Following Nietzsche, Arendt speaks of the Christian publicity without politics as world-destruction and ultimately as ‘desertification’: “the withering away of everything between us, can also be described as the spread of the desert.” (Arendt “Introduction into Politics,” 201) As with the growing belief that the purpose of political action is the preservation of life rather than the practice of freedom, this limited government renders the public realm a veritable desert. On the one hand, the totalitarian temptation to marry matters of life and labor with the political subordinates freedom forever to the necessities of survival. On the other hand, the dangerous forces unleashed by warfare render political instability potentially cataclysmic for publicity as the risk of action become unpalatable. These twin attacks on the preconditions of politics threaten to destroy the world we share, about which we deliberate and for which we act.
According to Arendt, the most common response to the pervasive withering of the loose-knit, horizontal political affiliations within a public world is a kind of escapism akin to the early Christian flight into seclusion: “to escape from the world of the desert, from politics, into… whatever it may be.” Yet if we treat our spiritual or contemplative lives not as brief respites but fully functioning alternative publics, we “carry the sand of the desert into the oases,” just as the Catholic Church introduced secular plurality and publicity into their communal seclusions. “[T]he failure to recognize and endure doubt as one of the fundamental conditions of modern life, introduces doubt into the only realm where it should never enter: the religious, strictly speaking, the realm of faith.” (Arendt “Introduction into Politics,” 205) Arendt suggests that failure to preserve the barriers between faith and politics will inevitably destroy faith, leaving us no solace from the intrusions of politics. This destruction may look more like private religious experience overpowering the public sphere, as it did in the original Christian Romanization. However, the alienation and doubt of modern life renders the flight into seclusion into a headlong retreat through the wasteland, to an oasis already reclaimed by the desert.
Another response is psychology, which responds to the desertification of modern life by making us comfortable there in the wasteland. However, this threatens to render us so comfortable in our natural setting that we will never try to humanize it. We normally discuss Arendt’s skepticism about psychology because it is rooted in a tendency to focus too much on the actor and not the act, and to that which is hidden rather than that which appears. But here she shows that her primary concern is with the naturalistic turn in psychology, which develops a pernicious conception of mental health and then normalizes it. Here, she sounds rather like Deleuze and Guattari:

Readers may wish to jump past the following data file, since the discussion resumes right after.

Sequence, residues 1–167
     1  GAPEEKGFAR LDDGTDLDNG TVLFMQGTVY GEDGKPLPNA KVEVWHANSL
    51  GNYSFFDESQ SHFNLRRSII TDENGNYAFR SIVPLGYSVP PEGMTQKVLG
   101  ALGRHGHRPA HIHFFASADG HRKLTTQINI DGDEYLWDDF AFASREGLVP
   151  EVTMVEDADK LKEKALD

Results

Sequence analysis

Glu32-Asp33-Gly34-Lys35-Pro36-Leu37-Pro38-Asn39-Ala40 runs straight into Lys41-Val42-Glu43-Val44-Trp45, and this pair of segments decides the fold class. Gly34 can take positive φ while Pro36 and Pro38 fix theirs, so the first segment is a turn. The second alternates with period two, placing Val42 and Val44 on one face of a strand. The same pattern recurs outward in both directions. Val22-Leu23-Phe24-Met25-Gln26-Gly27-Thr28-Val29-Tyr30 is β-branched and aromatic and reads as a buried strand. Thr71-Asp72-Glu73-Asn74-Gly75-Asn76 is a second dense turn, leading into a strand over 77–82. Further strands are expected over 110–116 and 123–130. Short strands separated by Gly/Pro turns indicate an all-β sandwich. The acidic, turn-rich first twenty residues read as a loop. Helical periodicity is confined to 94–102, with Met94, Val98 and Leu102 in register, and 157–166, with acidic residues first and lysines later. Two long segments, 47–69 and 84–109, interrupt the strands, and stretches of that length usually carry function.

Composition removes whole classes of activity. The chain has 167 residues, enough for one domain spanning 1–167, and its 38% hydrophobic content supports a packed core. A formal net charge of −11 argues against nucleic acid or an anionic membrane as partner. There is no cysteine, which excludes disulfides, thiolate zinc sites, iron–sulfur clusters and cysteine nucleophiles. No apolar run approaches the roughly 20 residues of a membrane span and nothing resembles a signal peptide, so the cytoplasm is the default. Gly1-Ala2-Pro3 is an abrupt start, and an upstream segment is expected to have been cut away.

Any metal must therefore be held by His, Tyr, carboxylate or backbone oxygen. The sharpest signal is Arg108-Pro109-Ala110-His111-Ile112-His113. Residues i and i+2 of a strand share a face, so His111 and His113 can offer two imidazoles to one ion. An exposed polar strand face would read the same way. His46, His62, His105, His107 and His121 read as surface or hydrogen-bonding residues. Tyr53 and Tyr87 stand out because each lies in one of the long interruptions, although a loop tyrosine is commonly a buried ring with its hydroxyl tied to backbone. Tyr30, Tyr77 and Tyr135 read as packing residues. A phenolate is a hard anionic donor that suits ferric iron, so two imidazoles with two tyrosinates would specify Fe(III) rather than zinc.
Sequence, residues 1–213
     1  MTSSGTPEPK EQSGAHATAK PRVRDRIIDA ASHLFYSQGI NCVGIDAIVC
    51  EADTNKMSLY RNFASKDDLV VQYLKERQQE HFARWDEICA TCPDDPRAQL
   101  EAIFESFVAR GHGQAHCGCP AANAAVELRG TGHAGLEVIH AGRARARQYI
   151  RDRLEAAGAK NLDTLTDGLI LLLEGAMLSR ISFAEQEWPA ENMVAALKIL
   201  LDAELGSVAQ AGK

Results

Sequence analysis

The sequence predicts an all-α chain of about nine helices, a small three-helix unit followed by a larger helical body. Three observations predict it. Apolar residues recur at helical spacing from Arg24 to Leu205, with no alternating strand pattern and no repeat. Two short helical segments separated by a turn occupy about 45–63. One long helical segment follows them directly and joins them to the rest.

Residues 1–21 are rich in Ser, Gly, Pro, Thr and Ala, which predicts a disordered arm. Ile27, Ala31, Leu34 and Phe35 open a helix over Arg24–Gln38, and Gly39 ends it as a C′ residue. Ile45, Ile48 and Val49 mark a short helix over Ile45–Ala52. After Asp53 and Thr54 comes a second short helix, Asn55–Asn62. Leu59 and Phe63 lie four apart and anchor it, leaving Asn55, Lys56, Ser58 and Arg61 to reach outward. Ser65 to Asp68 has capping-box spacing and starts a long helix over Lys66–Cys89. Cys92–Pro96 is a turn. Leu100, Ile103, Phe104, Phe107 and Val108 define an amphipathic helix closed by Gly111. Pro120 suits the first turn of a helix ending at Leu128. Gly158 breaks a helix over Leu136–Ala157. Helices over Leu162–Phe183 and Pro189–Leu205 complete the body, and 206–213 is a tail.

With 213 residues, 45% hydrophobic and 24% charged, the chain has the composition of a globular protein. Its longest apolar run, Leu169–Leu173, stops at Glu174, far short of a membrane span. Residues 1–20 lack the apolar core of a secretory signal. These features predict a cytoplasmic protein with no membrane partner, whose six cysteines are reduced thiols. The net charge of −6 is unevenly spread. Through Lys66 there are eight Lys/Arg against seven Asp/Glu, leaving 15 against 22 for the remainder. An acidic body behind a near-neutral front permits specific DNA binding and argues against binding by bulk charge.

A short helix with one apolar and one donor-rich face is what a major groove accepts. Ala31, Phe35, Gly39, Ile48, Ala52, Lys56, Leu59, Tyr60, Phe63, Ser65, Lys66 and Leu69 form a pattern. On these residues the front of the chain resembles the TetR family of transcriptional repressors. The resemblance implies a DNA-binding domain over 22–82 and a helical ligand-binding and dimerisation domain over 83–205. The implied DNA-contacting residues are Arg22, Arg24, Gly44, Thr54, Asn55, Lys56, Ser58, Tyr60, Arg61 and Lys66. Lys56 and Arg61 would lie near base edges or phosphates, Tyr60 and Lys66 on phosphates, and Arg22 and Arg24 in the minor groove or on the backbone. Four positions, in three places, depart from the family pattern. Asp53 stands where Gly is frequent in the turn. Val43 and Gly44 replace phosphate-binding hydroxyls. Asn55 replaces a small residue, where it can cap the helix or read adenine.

“When we lose the faculty to judge—to suffer and condemn—we begin to think that there is something wrong with us if we cannot live under the conditions of desert life. Insofar as psychology tries to ‘help’ us, it helps us ‘adjust’ to those conditions, taking away our only hope, namely that we, who are not of the desert though we live in it, are able to transform it into a human world.” (Arendt “Introduction into Politics,” 201)
Psychology is a response to the radical doubt that is attendant with modern life that threatens to leave us without bearings or standards, but she suggests that the adjustments it enables us to make to modern life may only exacerbate the trouble. Enduring and suffering, hoping and condemning, we stand a better chance of re-humanizing the desert if we do not simply acclimate ourselves to its conditions.
Arendt mentions that the foreclosure of the space of action also destroys the faculty of judging, which she here associates not with the power to punish but the power “to suffer and condemn.” This launches a new way of speaking about judging for Arendt: we must endure the desert’s harsh conditions, the doubt, alienation, and desperation of modern life, suffering those conditions openly rather than seeking shelter from or habituation to them. This suffering is judging. We must do this to preserve the two faculties she here says are essential for salvaging the desert landscape for human habitation: passion and action. “Only those who can endure the passion of living under desert conditions can be trusted to summon up in themselves the courage that lies at the root of action, of becoming an active being.” (Arendt “Introduction into Politics,” 202) Trapped in the desert, unable to suffer or to condemn, we embrace the modern life like Nietzsche did, as if it were a reflection of our soul’s wasteland. If judging combines the capacity to suffer, undergo, and endure an experience with the power to condemn or praise it, then it is fundamentally different from the act of thinking which merely withdraws from the experience to consider its invisible underside.
Though prejudices do increasingly infect our political lives, Arendt was concerned especially with the prejudicial condemnation of politics itself rooted in the philosopher’s and the Christian’s persecution. The prejudices “are a reflection of those things we all automatically share with one another but no longer make judgments about because we no longer have any real opportunity to experience them directly.” (Arendt “Introduction into Politics,” 151) We condemn politics for its refusal to leave us a private space for faith and philosophy, despite the fact that we are the ones who import the sand of the desert from the public world.